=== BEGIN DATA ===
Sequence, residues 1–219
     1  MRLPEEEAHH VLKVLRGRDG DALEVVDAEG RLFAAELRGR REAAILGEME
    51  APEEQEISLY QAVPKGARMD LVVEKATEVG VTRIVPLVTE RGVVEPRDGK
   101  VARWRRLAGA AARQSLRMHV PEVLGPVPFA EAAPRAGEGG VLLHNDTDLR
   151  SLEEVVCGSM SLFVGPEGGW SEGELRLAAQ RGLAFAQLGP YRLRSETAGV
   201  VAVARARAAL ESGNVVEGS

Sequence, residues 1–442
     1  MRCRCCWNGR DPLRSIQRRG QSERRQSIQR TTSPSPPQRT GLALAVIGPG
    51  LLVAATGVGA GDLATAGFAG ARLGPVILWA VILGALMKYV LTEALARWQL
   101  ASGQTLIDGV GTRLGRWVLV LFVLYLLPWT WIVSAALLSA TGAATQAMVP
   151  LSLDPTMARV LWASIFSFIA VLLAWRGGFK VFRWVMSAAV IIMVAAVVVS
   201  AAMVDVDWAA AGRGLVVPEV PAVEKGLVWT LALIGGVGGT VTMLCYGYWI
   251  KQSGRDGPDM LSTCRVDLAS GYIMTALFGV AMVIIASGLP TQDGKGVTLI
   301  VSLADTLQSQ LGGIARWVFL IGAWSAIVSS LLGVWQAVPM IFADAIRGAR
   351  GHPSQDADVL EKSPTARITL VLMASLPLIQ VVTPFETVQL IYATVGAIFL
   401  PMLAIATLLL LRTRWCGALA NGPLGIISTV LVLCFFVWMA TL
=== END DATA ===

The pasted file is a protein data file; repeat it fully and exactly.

Sequence, residues 1–219
     1  MRLPEEEAHH VLKVLRGRDG DALEVVDAEG RLFAAELRGR REAAILGEME
    51  APEEQEISLY QAVPKGARMD LVVEKATEVG VTRIVPLVTE RGVVEPRDGK
   101  VARWRRLAGA AARQSLRMHV PEVLGPVPFA EAAPRAGEGG VLLHNDTDLR
   151  SLEEVVCGSM SLFVGPEGGW SEGELRLAAQ RGLAFAQLGP YRLRSETAGV
   201  VAVARARAAL ESGNVVEGS

Sequence, residues 1–442
     1  MRCRCCWNGR DPLRSIQRRG QSERRQSIQR TTSPSPPQRT GLALAVIGPG
    51  LLVAATGVGA GDLATAGFAG ARLGPVILWA VILGALMKYV LTEALARWQL
   101  ASGQTLIDGV GTRLGRWVLV LFVLYLLPWT WIVSAALLSA TGAATQAMVP
   151  LSLDPTMARV LWASIFSFIA VLLAWRGGFK VFRWVMSAAV IIMVAAVVVS
   201  AAMVDVDWAA AGRGLVVPEV PAVEKGLVWT LALIGGVGGT VTMLCYGYWI
   251  KQSGRDGPDM LSTCRVDLAS GYIMTALFGV AMVIIASGLP TQDGKGVTLI
   301  VSLADTLQSQ LGGIARWVFL IGAWSAIVSS LLGVWQAVPM IFADAIRGAR
   351  GHPSQDADVL EKSPTARITL VLMASLPLIQ VVTPFETVQL IYATVGAIFL
   401  PMLAIATLLL LRTRWCGALA NGPLGIISTV LVLCFFVWMA TL